Intranasal Anti-Inflammatory Drug Can Help Slow Multiple Sclerosis Disease Progression


VX-765, a novel multiple sclerosis drug, works by inhibiting a component of inflammasomes that promotes harmful inflammation.

In a preclinical model, intranasal administration of an anti-inflammatory drug helped to reduce multiple sclerosis (MS) disease progression, according to a recent study published in GLIA.

MS has no known cause or cure and can be devastating for those living with it. Inflammation, the driving force in MS, causes a loss of myelin in the brain, which acts as a sort of insulation for nerves in the brain.

Investigators identified a drug called VX-765, a promising MS therapy that works by inhibiting caspase-1. Caspase-1 is a component of inflammasomes that promotes harmful inflammation.

The drug was dissolved and delivered intranasally to a mouse model, according to the study. PET scans were used to look at brain metabolism to determine whether the therapeutic was delivered.

Investigators found that the therapy prevented demyelination and axon injury and loss. According to the study, this means that it could be effective in preventing the same thing from happening in patients with MS, helping to reduce disease progression.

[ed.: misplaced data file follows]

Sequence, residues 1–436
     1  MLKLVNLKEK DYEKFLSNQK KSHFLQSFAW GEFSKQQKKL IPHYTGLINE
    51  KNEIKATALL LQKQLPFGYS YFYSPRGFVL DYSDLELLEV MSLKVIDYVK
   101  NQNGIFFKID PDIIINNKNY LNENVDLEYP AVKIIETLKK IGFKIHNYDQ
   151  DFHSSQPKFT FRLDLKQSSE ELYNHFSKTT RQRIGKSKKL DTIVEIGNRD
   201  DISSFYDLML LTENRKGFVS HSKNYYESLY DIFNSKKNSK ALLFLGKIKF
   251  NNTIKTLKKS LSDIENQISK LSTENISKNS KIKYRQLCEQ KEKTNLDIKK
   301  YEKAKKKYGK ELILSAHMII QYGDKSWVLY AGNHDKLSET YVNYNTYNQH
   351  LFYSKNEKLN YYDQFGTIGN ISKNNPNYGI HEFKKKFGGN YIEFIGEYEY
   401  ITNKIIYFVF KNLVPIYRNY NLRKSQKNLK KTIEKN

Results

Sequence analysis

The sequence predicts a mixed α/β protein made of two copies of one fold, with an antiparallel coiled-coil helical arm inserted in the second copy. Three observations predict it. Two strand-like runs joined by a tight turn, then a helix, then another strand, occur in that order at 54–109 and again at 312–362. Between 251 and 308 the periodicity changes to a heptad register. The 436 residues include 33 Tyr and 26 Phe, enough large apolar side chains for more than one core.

"The study shows intranasal therapy is effective in preventing demyelination and axon injury and loss, so that's a real tonic for us to keep going," Christopher Power, PhD, said in the press release. "The loss of myelin and loss of nerves are irreversible processes, so any therapeutic that helps to slow or prevent that from happening is an exciting advance for MS research. The particular delivery method also allows the therapy to be delivered in a more precise and targeted way."


Anti-inflammatory therapy shows promise in slowing progression of multiple sclerosis [News Release] October 20, 2020; Alberta, Canada. Accessed October 21, 2020.

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